Argument

It’s Time to Retire the Tiger and the Dragon

The simultaneous rise of India and China, arguably the great story of the 21st century, hasn't so far inspired great cover art.

Behold the August 21-27 cover of the Economist: The illustration is of two bodybuilder torsos, elbows planted firmly on the globe, arm wrestling. One bicep sports a dragon tattoo; the other a tiger. The headline reads: "Contest of the Century: China v India." But the overall effect conjures not so much civilizational struggle as Arm & Hammer Baking Soda. More precisely, the cover art implies a zero sum game -- one winner, one loser -- which is hardly how anyone in China or India, busy as they are trying to assemble deals and profit from each others' growing economies, sees the future.

To be fair, it's hard to capture the enormously complicated and consequential story of the simultaneous rise of China and India in an icon. Visual clichés and journalistic shorthand exist for a reason, and Foreign Policy has admittedly relied on its fair share of stereotypes, from China's Yao Ming to turbaned Indians bathing in the Ganges. Yet Western headline writers and art directors really should try to do better -- it's getting pretty tiresome out there.

Let's start with zoology. America is the eagle, and Russia the bear, but China and India each have not one, but two emblematic animal icons that have nearly opposite connotations. China is alternately a cuddly panda or a threatening dragon, depending on the author's message. (Interestingly, in Chinese folklore a dragon is a wise and positive force, not a menace to be slain by St. George.) India is either an elephant or a tiger -- a wise, slow-moving giant or a surging predator. A March 19, 2007 Businessweek cover story, headlined "The Trouble with India: Crumbling roads, jammed airports, and power blackouts could hobble growth," showed an elephant shattering like a clay doll. A Feb. 3, 2007 Economist cover, "India Overheats," depicted a tiger with its tail on fire.

If the dragon and the tiger fight, the panda and the elephant seek refuge from the world -- as in yet another Economist cover, which shows those two animals taking shelter from a storm beside a limp little tree and beneath the headline, "China and India: A Tale of Two Vulnerable Economies." (Occasionally the panda does get mean, as when the Economist depicted one ascending the Empire State building, a la King Kong, on a cover captioned: "America's fear of China.") If there's any larger meaning to be gleaned from this set of magazine covers, the West, it seems, is worried that India might fall apart -- and that China might get its act together.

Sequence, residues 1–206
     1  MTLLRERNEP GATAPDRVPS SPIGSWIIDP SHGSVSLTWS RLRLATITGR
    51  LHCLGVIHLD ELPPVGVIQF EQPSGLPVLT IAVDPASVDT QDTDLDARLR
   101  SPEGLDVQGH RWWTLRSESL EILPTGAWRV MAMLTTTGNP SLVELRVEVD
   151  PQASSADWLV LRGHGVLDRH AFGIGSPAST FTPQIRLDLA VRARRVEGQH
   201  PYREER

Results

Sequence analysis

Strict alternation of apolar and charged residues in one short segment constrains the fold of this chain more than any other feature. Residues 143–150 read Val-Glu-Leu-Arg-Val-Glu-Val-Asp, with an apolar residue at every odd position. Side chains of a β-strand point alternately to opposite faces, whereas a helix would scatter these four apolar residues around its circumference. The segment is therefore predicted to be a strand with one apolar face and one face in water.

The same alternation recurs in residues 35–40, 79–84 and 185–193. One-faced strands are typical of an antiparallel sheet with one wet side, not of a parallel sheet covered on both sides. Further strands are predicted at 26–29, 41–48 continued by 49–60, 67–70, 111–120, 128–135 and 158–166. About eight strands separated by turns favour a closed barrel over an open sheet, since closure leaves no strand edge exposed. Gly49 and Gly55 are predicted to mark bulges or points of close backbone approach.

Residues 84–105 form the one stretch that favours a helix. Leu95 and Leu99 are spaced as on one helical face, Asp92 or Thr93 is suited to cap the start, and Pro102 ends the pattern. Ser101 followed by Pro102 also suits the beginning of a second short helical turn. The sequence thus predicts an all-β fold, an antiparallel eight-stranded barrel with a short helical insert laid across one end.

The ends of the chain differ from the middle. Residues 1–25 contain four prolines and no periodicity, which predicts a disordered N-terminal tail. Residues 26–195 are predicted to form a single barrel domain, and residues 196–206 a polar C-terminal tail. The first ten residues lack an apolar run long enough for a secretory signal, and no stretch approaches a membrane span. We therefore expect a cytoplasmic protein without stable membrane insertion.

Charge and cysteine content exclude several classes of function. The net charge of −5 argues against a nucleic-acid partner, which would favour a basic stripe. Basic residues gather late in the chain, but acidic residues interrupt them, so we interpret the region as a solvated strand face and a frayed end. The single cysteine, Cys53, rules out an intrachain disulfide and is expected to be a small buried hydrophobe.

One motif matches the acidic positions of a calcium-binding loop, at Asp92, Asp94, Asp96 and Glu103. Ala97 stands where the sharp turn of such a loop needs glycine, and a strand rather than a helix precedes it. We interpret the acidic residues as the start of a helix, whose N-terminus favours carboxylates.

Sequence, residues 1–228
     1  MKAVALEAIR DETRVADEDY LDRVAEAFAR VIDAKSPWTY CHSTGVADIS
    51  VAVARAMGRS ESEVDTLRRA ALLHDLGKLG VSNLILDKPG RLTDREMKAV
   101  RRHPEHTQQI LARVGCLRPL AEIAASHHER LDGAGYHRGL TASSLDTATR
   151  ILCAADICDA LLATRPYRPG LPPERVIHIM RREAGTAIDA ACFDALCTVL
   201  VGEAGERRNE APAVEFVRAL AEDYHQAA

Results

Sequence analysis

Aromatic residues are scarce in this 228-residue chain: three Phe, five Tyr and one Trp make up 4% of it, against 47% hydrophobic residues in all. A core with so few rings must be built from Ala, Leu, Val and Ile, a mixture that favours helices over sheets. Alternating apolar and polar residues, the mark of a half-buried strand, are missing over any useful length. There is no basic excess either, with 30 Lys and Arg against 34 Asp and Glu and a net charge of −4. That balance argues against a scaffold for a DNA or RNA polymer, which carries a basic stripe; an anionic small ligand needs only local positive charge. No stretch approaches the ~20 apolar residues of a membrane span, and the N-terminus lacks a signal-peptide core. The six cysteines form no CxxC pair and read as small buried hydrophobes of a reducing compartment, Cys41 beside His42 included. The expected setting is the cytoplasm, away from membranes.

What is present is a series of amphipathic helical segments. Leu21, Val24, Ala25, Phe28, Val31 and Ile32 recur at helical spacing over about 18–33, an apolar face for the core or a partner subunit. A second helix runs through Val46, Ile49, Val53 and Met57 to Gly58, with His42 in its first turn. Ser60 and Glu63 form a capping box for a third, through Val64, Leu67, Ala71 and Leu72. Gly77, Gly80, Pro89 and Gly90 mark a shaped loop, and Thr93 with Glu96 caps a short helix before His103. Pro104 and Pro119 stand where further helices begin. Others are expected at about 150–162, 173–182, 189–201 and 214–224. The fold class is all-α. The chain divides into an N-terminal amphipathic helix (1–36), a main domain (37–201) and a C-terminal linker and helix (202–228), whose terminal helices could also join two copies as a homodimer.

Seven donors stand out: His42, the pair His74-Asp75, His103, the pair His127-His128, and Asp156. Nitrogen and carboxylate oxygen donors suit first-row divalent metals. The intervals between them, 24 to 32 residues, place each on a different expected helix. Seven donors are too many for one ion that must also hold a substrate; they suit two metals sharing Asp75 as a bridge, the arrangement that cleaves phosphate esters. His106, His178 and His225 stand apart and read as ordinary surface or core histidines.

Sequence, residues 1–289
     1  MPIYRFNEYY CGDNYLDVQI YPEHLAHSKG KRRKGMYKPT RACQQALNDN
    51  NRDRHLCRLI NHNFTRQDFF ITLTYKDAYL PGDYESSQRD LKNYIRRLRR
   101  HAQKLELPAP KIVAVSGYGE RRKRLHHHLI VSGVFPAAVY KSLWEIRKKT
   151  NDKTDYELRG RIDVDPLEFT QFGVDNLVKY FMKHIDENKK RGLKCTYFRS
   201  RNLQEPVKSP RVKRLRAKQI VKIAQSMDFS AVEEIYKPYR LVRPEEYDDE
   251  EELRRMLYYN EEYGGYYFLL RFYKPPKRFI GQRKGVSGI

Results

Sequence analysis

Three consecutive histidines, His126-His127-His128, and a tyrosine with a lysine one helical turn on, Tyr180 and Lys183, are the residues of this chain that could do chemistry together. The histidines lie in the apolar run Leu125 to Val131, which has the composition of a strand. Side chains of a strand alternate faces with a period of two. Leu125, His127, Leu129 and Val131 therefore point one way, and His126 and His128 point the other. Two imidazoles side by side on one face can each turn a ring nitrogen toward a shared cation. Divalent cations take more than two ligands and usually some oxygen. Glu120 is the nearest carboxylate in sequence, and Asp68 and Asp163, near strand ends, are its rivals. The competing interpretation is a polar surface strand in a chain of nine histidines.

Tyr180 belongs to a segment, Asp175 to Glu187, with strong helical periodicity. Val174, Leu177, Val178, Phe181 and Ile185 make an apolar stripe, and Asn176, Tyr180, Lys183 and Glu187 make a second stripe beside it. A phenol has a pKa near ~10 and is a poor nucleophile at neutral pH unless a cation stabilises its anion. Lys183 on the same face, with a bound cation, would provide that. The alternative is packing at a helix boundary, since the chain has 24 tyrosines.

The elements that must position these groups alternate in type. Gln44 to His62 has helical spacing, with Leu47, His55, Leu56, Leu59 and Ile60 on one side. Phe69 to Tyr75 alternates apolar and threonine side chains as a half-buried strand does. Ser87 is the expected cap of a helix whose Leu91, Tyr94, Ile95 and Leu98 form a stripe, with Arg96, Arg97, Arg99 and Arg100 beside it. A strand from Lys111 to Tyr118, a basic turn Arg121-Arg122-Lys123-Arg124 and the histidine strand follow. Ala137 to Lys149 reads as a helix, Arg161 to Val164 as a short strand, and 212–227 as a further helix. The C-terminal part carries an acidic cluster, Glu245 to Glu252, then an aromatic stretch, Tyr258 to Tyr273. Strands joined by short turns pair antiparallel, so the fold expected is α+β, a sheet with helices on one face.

Then there's the Great Wall and the China's omnipresent red and yellow flag -- or both, together, as in a 2007 Time cover, "Dawn of a New Dynasty," which shows a yellow star rising over a red Great Wall. Mao is popular, too, as is stylized Cultural Revolution-era art. To modern Chinese, however, this seems about 30 years behind the times, the equivalent of illustrating the United States today with Ike or LBJ. Yet Mao's mug shot remains more familiar to most Americans than any recent Chinese politician -- in part because our art directors keep recycling his image.

Time's 2006 "China's New Revolution" cover, for instance, features old Mao. Newsweek spoofed this convention in a 2009 issue, "Everything You Know About China Is Wrong," which featured an upside-down Mao portrait, then embraced it again for its 2000 "Wired China" issue. The Economist has used revolutionary peasants to illustrate "The Rising Power of China's Workers" today.

India, meanwhile, is doomed to be shorthanded with the "typical Indian": for magazine covers, either an attractive young woman or an old man with a carpet. Take, for instance, the young telemarketer with a bejeweled hairstyle and a modern earpiece on Time's 2006 "India Inc." cover. Or the Economist's "Can India Fly?" issue, featuring a cross-legged man suspended in air, laptop and cellphone in place of magic carpet.

What about books? In theory, dust jackets have less need to scream a clear, single message and are assembled under less deadline pressure -- and indeed, the current crop of China and India books deploys fewer pandas and tigers than magazine racks do.

But consider the cover of Thomas David Kuhn's well-reviewed book-length essay, "How China's Leaders Think." Or James Mann's political science volume The China Fantasy: Why Capitalism Will Not Bring Democracy to China. Or Sam Goodman's get-rich-quick manual Where East Eats West: The Street Smart Guide to Business in China. Each of these very different books, and countless others, looks extraordinarily similar: red background, collage of yellow stars. These might be the laziest covers of all; worse, they give the impression that dealing with China today is simply dealing with the government.

There is not, at least not yet, a large number of books aimed at a general audience about Indian politics or doing business in India, and so flag motifs and bureaucratic assemblies fairly seldom appear on India book jackets. Instead, the image of India is usually timeless, mythic, and above all exotic -- think turbans and Taj Mahals. Many recent such book covers would be equally suited to gracing a new edition of E.M. Forster's A Passage to India.

So, for example, we have the inexplicable coiled cobra on the cover of India's Global Powerhouses: How They Are Taking on the World, by Nirmalya Kumara, and the blurred photo of hundreds of men in white -- are they pilgrims, commuters? -- processing through a train station for Nandan Nilekani's Imagining India. Over the past few years, China's largely grown out of this convention, yet publishers still seem enchanted by the contrast of modernity and hidebound, centuries-old civilizations. Take the cover of Edward Luce's In Spite of the Gods: The Rise of Modern India. Is it still shocking to any world traveler that a camel-driver might also own a cell phone?